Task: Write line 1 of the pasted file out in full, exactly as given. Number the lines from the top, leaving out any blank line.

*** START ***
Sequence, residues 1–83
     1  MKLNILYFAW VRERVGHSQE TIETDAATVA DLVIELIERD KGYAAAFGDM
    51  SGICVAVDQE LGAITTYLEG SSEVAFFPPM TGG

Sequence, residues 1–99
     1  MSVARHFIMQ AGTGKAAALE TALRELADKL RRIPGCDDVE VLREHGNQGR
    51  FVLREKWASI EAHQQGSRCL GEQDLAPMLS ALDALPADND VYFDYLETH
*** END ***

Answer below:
Sequence, residues 1–83